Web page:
Why Advance Directive Planning Should Be One of Your New Year’s Resolutions

Wife holding comatose husband's hand in hospital

As 2017 draws to a close and seniors and their families welcome in a new year, it is time to take stock of the past and make plans for the future. Highly advisable is to make advance directives a key priority in your health care planning for 2018.

Let’s face it, many of us do not like talking about end-of-life care. Who likes to stare down their own mortality? It is never easy to think about what plans should be put in place if we are seriously ill and cannot advocate for ourselves. However, for those of us who want control over our own health care choices (and that is the majority of us) denial and avoidance over putting advance directives in place must be overcome. The consequences of waiting until we are in the throes of a health care crisis to make serious health care decisions can be severe. They can range from hasty, pressured choices made by well-meaning next of kin who do not know our wishes to a stranger (a court appointed guardian) making decisions on our behalf if we have no next of kin or designated Health Care Proxy (HCP).

The tendency for those not familiar with a person’s advance directive is to default to the most aggressive medical care measures. This can often be disastrous for a frail senior who is seriously or terminally ill with multiple chronic medical problems. Unwanted aggressive medical care in these situations can often have the unintended consequence of increasing pain and suffering with long hospital stays attached to medical life support. Even for those who choose aggressive care measures, it is they or their trusted proxy who should be making these decisions, not uninformed default appointees. Appointing a HCP will also help family members avoid guilt and turmoil by being forced to make “best guess” health care choices, especially if the outcomes end up seriously impacting quality of life. So, start the New Year on sure and solid footing with the following tips on completing your advance directives:

  • Review what your health care goals and choices are and discuss them with a trusted family member, health care professional or friend.
  • Align your choices with appropriate health care directives. Directives can include appointing a HCP, completing a living will, and making your wishes know through a Medical/Physician’s Orders for Life-Sustaining Treatment (MOLST/POLST) form or nonhospital Do Not Resuscitate/Do Not Intubate (DNR/DNI) forms.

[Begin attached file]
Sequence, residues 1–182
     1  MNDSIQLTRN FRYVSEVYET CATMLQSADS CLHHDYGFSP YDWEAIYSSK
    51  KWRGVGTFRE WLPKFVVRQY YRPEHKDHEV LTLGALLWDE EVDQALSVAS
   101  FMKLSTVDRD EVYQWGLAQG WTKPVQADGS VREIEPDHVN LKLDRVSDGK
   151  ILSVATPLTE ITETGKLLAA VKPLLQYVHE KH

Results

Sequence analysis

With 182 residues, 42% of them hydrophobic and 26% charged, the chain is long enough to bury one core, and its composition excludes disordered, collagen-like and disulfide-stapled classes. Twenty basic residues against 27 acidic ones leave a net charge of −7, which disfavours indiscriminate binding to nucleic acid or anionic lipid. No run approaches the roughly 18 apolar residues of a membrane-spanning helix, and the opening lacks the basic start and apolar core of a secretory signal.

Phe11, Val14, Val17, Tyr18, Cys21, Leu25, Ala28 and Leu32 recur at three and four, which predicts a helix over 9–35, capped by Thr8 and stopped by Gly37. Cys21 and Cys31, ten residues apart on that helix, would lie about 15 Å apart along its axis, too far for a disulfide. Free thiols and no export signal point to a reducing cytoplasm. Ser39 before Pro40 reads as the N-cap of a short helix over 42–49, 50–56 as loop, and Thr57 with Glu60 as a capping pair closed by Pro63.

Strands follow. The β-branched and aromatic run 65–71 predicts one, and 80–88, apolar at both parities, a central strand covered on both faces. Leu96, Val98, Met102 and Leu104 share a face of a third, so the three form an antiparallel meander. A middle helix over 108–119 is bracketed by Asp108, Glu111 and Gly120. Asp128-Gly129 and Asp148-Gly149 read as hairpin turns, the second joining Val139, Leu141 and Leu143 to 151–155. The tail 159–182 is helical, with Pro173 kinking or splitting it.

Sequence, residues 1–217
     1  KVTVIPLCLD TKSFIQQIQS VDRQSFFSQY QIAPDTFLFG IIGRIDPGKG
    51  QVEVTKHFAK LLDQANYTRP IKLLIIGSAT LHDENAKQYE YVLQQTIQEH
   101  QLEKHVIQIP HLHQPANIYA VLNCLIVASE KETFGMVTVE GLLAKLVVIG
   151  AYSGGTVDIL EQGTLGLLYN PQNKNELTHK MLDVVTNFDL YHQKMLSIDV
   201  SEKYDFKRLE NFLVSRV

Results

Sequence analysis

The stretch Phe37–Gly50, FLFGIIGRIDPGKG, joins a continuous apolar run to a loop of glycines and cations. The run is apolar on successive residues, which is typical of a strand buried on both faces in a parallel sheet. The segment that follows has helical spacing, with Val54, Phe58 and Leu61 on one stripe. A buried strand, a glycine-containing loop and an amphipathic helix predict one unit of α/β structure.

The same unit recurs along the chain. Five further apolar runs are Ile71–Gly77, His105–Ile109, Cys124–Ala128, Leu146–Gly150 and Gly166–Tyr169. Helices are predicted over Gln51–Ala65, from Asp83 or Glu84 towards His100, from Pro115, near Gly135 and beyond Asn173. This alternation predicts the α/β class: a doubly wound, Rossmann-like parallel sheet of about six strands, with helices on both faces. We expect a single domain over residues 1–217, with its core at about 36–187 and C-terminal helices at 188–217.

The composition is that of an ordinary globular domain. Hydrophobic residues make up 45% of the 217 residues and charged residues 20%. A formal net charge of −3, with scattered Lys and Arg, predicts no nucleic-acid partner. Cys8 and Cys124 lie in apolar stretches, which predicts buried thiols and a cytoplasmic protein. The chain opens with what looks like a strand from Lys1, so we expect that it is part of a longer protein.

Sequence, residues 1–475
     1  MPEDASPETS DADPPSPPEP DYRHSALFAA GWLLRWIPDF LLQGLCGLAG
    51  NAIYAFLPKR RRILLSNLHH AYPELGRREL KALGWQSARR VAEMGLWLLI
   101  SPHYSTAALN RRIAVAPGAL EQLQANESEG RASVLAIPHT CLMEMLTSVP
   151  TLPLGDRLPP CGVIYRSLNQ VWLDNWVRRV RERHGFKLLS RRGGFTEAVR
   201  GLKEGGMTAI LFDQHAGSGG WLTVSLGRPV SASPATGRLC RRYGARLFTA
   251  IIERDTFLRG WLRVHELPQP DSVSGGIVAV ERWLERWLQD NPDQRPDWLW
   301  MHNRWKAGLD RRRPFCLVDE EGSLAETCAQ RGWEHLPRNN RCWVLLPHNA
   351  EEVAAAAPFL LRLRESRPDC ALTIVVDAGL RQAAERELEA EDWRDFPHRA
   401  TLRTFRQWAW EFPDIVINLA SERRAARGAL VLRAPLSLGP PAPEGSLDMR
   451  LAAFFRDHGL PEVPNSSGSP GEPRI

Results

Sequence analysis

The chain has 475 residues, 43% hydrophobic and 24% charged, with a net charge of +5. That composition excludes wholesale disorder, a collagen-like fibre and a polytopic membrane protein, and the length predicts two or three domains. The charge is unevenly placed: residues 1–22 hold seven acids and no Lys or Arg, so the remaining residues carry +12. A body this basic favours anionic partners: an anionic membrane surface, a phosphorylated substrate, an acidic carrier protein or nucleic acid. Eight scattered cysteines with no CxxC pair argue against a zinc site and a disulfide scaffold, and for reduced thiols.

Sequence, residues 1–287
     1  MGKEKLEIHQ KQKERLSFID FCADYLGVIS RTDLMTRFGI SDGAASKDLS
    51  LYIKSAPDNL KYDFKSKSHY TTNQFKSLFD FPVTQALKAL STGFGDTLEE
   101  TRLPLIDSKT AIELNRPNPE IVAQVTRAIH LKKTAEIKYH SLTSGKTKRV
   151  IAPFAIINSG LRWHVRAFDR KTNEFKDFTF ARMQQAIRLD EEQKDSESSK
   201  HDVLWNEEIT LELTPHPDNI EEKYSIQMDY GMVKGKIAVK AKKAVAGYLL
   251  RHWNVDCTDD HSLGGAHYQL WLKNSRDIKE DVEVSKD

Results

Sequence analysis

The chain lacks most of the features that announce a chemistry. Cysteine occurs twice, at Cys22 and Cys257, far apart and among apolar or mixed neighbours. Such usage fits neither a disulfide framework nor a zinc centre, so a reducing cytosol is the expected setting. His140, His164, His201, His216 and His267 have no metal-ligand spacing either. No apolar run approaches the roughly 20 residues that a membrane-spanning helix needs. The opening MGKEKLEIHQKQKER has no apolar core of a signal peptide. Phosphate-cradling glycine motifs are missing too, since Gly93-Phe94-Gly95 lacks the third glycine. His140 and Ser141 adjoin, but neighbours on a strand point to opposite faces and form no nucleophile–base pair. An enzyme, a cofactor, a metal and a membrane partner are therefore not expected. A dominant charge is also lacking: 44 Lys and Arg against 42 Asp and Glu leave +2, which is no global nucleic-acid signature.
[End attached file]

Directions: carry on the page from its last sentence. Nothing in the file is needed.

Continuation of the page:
• Appointing an HCP involves identifying a trusted person who is willing to be your health care advocate when you are temporarily or permanently incapacitated to make your choices known. This could be a spouse, sibling, family member or close friend. Once identified, a discussion should take place between you and the HCP about your health care goals, choices and wishes. A HCP form, which is easily downloaded online is completed and signed by two witnesses. Unlike a living will, no legal counsel is required to execute this form. Once the HCP form is completed, you can have peace of mind that if you are ever in a position where you are unable to make your wishes known, your HCP can speak on your behalf and communicate your wishes. Appointing a HCP is highly recommended even if a living will is in place, as the language in many living wills may not be specific enough to guide healthcare professionals with certain medical treatment decisions. 
  • If you want to outline more specific wishes regarding life-sustaining treatment or resuscitation measures, you should consider completing a MOLST or nonhospital DNR/DNI form. These directives can be very helpful for frail seniors that are battling multiple serious chronic illnesses or terminal diseases and who want to avoid overly aggressive medical care and recurrent hospitalizations.

Remember, when we have advance directives in place, we remain in control over our own health care choices and lives. 

You can learn more about advance directives and long-term care choices here

Written by Anne Sansevero

Categories: Senior Health